Moreover, some of the issues raised in these points of error were asserted in appellant's pretrial motions, and the remainder address nonjurisdictional errors. Consequently, each of the allegations was waived when appellant entered his nonnegotiated pleas of guilty and no contest. Prochaska, 587 S.W.2d at 729; Harrelson, 692 S.W.2d at 660-661; Fierro, 437 S.W.2d at 834.

Appellant's points of error four through seven are overruled.

In point of error eight, appellant contends that he was denied effective assistance of counsel. Specifically, he complains that he was never given the opportunity to confer with his court-appointed attorney prior to the date of trial; that his trial attorney was unfamiliar with his cases and the applicable law; and that the fee schedule for appointed lawyers in place at the time of his trial, and the District Attorney's special task force on child abuse, denied him effective assistance of counsel.

An essential requisite in attacking a plea of guilty on the ground of ineffective assistance of counsel is showing that the plea of guilty was unknowingly and involuntarily entered. Ex parte Adams, 707 S.W.2d 646, 648 (Tex.Crim.App. 1986). The United States Supreme Court established a two-prong test for analyzing a claim of ineffective assistance of counsel in Strickland v. Washington, 466 U.S. 668, 104 S.Ct. 2052, 80 L.Ed.2d 674 (1984). This test also applies to challenges to guilty pleas based on ineffective assistance of counsel. Hill v. Lockhart, 474 U.S. 52, 106 S.Ct. 366, 88 L.Ed.2d 203 (1985). Under the first part of the test, the appellant must show that his counsel's performance fell below an objective standard of reasonableness. Once this burden is met, the appellant must show that there is a reasonable probability that, but for counsel's errors, he would not have entered his pleas and would have insisted on going to trial. 106 S.Ct. at 369-70.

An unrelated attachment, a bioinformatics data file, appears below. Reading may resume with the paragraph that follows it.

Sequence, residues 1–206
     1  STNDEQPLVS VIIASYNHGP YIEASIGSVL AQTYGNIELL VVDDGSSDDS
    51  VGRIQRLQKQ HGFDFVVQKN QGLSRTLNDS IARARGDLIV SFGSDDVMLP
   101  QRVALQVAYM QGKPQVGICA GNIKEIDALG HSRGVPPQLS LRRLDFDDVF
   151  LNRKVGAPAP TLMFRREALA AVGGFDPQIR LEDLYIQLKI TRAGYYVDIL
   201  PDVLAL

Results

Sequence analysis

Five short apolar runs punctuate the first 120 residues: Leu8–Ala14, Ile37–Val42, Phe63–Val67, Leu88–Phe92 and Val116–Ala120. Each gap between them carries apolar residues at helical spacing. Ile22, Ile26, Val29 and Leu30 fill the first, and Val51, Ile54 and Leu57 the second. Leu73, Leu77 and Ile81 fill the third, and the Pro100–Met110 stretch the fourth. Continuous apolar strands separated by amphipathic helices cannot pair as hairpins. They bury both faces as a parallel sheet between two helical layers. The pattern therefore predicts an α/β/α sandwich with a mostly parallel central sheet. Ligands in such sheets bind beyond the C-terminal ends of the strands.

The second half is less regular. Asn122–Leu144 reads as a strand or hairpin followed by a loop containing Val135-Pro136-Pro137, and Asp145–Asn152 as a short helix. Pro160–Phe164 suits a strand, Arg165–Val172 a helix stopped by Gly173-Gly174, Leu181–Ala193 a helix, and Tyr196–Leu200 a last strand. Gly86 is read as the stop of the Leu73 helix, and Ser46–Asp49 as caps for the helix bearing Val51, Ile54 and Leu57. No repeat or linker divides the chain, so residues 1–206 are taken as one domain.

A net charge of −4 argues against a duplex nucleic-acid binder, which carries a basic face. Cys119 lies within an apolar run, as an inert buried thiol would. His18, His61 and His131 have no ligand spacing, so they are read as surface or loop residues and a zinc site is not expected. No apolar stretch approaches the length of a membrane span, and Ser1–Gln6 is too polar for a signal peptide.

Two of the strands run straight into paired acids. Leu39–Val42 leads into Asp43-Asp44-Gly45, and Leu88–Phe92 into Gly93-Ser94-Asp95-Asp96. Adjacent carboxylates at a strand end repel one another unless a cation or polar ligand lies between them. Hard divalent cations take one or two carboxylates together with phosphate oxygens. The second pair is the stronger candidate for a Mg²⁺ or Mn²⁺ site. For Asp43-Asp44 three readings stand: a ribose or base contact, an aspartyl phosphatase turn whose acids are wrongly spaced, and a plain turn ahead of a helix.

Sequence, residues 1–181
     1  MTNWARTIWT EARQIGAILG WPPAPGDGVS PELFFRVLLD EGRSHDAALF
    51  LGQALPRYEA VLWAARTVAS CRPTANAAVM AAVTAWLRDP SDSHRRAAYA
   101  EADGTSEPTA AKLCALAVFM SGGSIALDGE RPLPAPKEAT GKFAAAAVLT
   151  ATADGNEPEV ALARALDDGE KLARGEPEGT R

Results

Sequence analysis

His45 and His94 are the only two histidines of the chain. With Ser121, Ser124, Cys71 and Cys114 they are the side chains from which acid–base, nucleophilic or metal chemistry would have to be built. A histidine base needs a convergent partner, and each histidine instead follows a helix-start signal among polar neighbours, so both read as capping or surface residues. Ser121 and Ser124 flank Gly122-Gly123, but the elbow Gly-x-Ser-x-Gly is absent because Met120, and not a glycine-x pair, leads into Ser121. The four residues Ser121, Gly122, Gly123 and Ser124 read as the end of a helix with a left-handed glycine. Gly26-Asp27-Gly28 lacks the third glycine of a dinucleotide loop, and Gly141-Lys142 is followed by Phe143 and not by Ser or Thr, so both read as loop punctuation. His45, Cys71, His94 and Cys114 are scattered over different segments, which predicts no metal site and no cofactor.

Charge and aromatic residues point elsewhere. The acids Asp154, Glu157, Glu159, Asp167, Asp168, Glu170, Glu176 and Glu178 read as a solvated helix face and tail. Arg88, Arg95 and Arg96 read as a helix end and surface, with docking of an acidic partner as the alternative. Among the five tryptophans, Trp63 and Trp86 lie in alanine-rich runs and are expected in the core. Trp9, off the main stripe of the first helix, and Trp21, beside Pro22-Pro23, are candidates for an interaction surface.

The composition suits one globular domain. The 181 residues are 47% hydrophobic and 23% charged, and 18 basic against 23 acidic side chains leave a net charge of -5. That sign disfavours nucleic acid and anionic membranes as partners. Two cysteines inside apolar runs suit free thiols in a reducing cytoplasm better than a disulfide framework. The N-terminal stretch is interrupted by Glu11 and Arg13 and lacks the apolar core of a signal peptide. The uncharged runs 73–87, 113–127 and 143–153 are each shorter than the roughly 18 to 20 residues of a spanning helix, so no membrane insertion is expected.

The Strickland test was adopted in Texas in Ingham v. State, 679 S.W.2d 503, 509 (Tex.Crim.App. 1984). Reasonable representation is to be judged by "the totality of the circumstances" rather than by isolated acts or omissions of trial counsel. Butler v. State, 716 S.W.2d 48, 54 (Tex.Crim.App. 1986). The right to counsel, whether appointed or retained, does not mean errorless counsel. Williams v. State, 549 S.W.2d 183, 189 (Tex.Crim.App. 1977). Furthermore, the fact that another attorney might have pursued a different course of action at trial will not support a finding of ineffective assistance of counsel. Passmore v. State, 617 S.W.2d 682, 686 (Tex.Crim.App. 1981).